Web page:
Step out and see the Big picture
Step out and see the Big picture
Once there were three friends who planned a trip to Bangkok. As they landed the three friends parted ways, the one who wanted to explore sense gratification saw the city as home to sensual pleasure, the other one did not notice this but went to explore the beautiful monasteries and temples in the city. The third one did not see either of these all he saw was shopping malls, markets where he went to shop. All of them visited the same city, but they had different desires and could find only what they had in mind.
We have created a small world around us that is too comfortable and it is constructed with our desires. Anything that is new or different from this small world, we get threatened by it and like to either disbelieve or ignore it or we like to change it to suit our desires.
Noble laureate and French physiologist, Alexis Carrel. In his book, Man the Unknown, he states: “Our mind has a natural tendency to reject the things that do not fit into the frame of scientific or philosophical beliefs of our time.
For example, when it comes to relationship there is always a conflict of interest because we see what we want to see in others, and if we don’t find it then we like to change the person to our comfort. We expect the person to behave the way we want. If we have had a conflict with someone or we dislike someone we tend to look for faults, and incidences when they have behaved rudely, overlook occasions when they behaved politely. The common flaw with the human approach is that we tend to use our material senses to understand the divine. We want to decide the correctness and faults in knowledge with our intellect, which his highly limited.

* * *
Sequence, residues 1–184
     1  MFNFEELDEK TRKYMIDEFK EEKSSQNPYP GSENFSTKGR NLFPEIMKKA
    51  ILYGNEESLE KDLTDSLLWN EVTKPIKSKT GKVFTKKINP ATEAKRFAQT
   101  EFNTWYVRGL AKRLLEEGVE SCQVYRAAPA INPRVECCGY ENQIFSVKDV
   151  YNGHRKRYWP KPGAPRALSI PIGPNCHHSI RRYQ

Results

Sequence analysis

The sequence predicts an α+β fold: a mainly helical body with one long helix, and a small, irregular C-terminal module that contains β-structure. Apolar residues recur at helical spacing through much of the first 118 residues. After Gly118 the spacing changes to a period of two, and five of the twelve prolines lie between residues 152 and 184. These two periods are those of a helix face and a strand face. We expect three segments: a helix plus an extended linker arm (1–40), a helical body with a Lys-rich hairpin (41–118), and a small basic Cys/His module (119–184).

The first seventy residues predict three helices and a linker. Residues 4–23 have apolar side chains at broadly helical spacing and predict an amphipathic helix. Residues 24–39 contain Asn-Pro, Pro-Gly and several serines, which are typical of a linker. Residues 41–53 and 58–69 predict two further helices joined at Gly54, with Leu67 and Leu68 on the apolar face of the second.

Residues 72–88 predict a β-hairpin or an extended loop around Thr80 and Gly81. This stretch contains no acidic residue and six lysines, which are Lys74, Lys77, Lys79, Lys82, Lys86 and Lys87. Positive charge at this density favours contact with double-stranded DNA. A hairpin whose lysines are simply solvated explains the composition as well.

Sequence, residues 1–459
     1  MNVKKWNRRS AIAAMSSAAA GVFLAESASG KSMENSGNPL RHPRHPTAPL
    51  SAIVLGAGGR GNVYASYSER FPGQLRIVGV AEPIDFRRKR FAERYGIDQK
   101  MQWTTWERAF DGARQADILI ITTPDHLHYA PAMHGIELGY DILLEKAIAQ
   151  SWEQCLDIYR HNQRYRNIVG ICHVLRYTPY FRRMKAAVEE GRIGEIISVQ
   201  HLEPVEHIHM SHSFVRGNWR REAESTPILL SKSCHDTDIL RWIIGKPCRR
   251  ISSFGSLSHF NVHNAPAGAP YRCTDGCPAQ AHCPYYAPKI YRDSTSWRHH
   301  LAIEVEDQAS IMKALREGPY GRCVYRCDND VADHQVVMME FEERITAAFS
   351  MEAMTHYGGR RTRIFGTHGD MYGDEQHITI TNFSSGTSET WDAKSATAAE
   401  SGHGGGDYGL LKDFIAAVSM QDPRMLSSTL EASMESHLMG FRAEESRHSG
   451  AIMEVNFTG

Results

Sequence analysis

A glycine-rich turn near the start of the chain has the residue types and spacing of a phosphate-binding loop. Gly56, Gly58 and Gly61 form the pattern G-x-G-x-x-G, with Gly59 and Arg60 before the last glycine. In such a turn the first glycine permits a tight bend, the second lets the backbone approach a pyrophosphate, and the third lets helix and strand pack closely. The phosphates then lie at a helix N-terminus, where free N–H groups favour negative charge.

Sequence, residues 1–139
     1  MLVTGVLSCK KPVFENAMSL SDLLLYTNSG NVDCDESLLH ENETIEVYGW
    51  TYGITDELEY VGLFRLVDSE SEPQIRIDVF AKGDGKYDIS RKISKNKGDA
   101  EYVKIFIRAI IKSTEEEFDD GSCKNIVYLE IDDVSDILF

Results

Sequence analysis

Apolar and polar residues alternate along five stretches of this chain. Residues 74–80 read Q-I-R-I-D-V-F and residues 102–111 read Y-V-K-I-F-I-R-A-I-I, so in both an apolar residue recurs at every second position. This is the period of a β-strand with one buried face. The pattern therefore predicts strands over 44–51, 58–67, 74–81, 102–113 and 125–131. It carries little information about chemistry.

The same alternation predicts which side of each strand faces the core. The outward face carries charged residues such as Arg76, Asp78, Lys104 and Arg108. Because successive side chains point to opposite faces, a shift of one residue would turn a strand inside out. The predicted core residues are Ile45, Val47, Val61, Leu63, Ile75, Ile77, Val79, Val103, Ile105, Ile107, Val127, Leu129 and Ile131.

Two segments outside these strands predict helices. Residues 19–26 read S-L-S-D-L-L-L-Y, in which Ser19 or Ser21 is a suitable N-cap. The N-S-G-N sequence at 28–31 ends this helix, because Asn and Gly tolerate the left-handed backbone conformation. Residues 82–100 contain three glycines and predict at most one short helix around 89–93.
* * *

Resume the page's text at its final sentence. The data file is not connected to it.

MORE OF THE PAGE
Krishna in Bhagvad Gita 15.11 says…
yatanto yoginaśh chainaṁ paśhyanty ātmany avasthitam
yatanto ‘py akṛitātmāno nainaṁ paśhyanty achetasaḥ
The endeavouring transcendentalist, who is situated in self-realization, can see all this clearly. But those who are not situated in self-realization cannot see what is taking place, though they may try to.
This verse tells us to endeavour and strive to see the world with a clear mind. Those blinded by the limited knowledge, perception and desires cannot see things that are far beyond.
According to Nyāya Darśhan, one of the ancient schools of Hindu philosophy, such thinking is called kūpa-maṇḍūka-nyāya (the logic of a well-frog). The story behind this is of a frog which has been living within the walls of a well, unaware of the world outside. Once an ocean frog gets washed off and falls into that well. The well-frog enquires to the newcomer, “How big is the ocean, where you lived?” The ocean frog replied, “It is huge.” The well-frog said, “It must be 5 times bigger than this well.” To this, the ocean frog said, “No much bigger than that.” The well-frog said, “Is it 10 times bigger?” “Much more than that,” said the ocean frog. The well-frog was now curious and said, “A hundred times?” To this, the ocean frog replied, “A hundred is nothing; the ocean is much bigger than that.” The frog from the well did not believe the ocean frog and said, “You are a liar, how can any place be a hundred times bigger than my well?” The well-frog had been living there its whole life, it had not seen anything beyond the walls of that well. Therefore, its mind could not comprehend the idea of a vast ocean, or the world that existed outside of that well.
The day we start to see the wide world around us we will achieve success far beyond contemplation. Just we need to step out of our own world of comfort and walk the right path. The right path will come only with the clarity of thoughts and diligent endeavour, we will certainly achieve success.
- Those blinded by the limited knowledge, perception and desires cannot see things that are far beyond.
- Just we need to step out of our own world of comfort and walk the right path.
- The right path will come only with the clarity of thoughts and diligent endeavour